WHEN: November 14th, 2014, 7:35 pm. (Week 46, November 9-15.)
WHERE: In my apartment in Portland, ME.
FORMAT: DVD on a 19” AOC LED computer monitor; digital download on an iPhone 3.
PHYSICAL AND MENTAL STATE: Tired, full of crappy pizza.
Before starting this viewing of Avatar, I was thinking a little bit about Jurassic Park (which coincidentally I watched every week last year). I was thinking about how so many of its characters are fleshed out by the environments they reside in. Check out this shot of Grant and Sattler’s trailer:
The clutter shows us so much about how they live their lives. Work has literally invaded their living space in the form of the dusty tools strewn about the room. And above them, on the shelf, is a cardboard cutout of a cat, a stand-in for the children that this environment is too harsh to accommodate. I love it (though it’s distinctly possible that I’m over-thinking it).
Don’t even get me started on how perfect Nedry’s desk is.
So this made me wonder, is there any character development via set decoration in Avatar?
Right off the bat, I’d like to mention one of my favorite shots in Avatar, Jake opening up a locker from which no one has bothered to remove his dead brother’s initials.
It’s a cold, sterile reminder that Jake doesn’t belong here and that the person who does is dead. And Jake gets this reminder while literally floating around in a disoriented state. Boom. Good job, Avatar.
Okay, don’t get your hopes up, that was the high point. Our next stop is the work environment of corporate stooge Parker Selfridge.
Alright. Golf = business asshole. Got it. This guy is a company-loving dickbag. Though I wonder why, assuming the AstroTurf putting green is a permanent fixture on the floor of his workplace, he has resorted to a coffee mug for his hole. If he had the foresight to bring out a long roll of fake grass, wouldn’t he have packed one of those little fake ramp and flag devices as well? Well, never mind. Parker likes golf. What can we learn from the rest of his office?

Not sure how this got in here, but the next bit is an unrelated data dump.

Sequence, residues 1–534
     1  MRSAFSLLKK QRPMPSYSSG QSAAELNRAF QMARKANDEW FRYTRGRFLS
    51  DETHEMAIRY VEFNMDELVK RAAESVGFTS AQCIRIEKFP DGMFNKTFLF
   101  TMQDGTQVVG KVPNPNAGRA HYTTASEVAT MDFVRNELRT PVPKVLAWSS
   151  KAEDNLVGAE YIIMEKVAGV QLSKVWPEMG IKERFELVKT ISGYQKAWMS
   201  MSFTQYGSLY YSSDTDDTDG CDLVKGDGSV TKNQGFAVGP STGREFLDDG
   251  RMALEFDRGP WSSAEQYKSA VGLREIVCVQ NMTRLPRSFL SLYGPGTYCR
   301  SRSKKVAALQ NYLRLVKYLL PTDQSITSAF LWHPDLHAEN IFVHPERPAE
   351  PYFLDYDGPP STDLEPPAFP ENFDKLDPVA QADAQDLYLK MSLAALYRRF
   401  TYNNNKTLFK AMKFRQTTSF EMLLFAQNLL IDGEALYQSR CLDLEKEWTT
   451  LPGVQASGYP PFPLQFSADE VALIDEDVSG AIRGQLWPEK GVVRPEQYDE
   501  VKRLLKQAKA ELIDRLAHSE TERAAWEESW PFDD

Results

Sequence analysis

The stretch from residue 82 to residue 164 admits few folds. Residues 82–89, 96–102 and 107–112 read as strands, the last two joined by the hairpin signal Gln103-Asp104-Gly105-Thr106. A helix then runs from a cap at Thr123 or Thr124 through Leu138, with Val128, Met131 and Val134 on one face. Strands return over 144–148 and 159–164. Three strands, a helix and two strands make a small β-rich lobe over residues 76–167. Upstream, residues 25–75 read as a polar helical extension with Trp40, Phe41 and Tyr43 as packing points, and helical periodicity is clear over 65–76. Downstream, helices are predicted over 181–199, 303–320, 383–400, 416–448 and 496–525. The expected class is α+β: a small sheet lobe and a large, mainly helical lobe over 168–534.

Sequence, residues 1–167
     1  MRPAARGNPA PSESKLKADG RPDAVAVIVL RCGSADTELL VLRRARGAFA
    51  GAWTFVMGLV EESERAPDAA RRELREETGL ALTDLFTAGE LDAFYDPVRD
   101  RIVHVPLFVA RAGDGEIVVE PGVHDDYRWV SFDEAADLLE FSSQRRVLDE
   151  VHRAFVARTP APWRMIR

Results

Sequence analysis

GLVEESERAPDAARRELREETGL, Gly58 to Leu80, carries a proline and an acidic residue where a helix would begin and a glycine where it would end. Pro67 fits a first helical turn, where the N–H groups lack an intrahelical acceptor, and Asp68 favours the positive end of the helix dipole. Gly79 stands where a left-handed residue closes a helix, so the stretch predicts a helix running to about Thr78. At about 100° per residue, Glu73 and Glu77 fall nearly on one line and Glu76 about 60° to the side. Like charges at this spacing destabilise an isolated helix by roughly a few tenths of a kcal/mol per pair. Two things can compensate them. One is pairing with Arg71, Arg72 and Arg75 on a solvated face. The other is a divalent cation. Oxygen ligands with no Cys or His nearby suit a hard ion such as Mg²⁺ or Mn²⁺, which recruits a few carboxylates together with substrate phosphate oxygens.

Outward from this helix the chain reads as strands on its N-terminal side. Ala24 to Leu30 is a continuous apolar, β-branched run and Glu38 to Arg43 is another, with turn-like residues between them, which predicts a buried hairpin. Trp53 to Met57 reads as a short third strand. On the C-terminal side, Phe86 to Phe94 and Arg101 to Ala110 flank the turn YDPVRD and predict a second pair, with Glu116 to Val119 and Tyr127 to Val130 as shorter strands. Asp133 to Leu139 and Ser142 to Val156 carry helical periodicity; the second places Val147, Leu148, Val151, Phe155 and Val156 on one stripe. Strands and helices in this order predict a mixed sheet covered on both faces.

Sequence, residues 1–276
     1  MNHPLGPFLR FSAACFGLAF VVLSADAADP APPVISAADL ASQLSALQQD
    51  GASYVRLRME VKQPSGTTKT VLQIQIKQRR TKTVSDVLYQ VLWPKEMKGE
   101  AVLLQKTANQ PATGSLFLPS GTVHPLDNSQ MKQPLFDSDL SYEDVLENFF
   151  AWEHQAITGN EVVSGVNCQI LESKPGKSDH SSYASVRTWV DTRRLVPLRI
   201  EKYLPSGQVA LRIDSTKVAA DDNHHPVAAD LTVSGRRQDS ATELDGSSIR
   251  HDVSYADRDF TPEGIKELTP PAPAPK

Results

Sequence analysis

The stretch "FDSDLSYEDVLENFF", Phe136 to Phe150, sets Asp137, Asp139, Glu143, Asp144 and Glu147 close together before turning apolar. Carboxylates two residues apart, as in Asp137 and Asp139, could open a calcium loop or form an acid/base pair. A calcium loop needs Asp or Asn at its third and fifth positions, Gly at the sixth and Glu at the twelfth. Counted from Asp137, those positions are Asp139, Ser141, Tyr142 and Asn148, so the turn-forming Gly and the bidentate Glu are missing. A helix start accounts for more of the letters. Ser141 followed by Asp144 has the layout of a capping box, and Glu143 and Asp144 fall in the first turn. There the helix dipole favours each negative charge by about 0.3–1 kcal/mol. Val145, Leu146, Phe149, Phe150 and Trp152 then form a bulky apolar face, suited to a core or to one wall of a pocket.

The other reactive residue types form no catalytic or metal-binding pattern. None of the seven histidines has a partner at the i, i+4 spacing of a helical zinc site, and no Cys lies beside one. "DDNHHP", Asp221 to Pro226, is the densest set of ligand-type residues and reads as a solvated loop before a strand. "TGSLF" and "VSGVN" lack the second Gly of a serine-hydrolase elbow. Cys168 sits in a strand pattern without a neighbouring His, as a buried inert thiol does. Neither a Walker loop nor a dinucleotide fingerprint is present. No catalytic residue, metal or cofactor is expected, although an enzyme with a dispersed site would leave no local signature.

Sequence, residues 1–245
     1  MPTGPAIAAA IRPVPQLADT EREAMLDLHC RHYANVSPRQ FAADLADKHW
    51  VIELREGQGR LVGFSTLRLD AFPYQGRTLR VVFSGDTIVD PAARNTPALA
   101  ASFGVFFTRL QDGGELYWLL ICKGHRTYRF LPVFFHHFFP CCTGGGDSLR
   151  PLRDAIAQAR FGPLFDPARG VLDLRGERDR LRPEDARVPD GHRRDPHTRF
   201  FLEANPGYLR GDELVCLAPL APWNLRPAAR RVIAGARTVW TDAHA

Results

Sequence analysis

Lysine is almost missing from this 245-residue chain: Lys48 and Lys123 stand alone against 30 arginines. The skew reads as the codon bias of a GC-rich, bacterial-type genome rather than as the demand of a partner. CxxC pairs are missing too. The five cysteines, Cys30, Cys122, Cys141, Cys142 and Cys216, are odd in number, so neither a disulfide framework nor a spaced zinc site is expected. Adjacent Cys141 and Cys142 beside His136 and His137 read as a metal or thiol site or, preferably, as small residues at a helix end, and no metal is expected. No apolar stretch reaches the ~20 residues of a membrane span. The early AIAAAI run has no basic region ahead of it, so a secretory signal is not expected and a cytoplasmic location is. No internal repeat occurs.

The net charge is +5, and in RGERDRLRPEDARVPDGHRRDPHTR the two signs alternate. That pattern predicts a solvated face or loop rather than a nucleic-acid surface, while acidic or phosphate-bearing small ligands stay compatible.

Well, looks like MORE GOLF. Seriously. His shelf has at least two, possibly three golf trophies on it, in addition to a picture of someone (himself?) playing golf. WE GET IT. Also three plaques (possibly golf-related) and a model of the lunar lander. Off to the side there is a Na’vi headband. Everything is neatly arranged and sterile, which kind of seems to run counter to his casual “I play golf in the control room” persona. But whatever. I guess he’s the business version of a mullet. Business in the front office, party on the back nine (GOLF!).
Alright. What about other areas of the RDA headquarters? By virtue of its function, we can forgive the bio-lab for not having many personal touches. You’ve got to keep an area like that sterile.
Though Augustine is allowed to smoke there for some reason.
Jeez, everything in this movie is either a sterile lab/office or a jungle. There’s really only one other noteworthy area to touch on, the mobile link trailer. Seems as though Augustine has snapped some pictures and stuck them to the front of her fridge. Aww.
Specifically her food fridge.
Alright, so we get a brief reminder that Augustine has experience working with the kids in the Na’vi village. It’s nice, and a little humanizing. Woo.
Some of these children have eyes deader than a Polar Express-conducting Tom Hanks.
So, did I learn anything new about Avatar‘s characters by looking at their surroundings this week? Not really, no. I guess you could say that all the sterile interiors could be a deliberate choice to make the jungle seem more interesting and inviting, so you can’t really fault the film for spicing up its decor. And, you know, sure, that works pretty well for a first viewing. But this is my 46th, and it seems mighty fishy that these people who are trapped on Pandora for years have done next to nothing to personalize their work stations (aside from displaying an occasional love of golf). But, bah, whatever. Sure. Fine. Good. Eh. See you next week.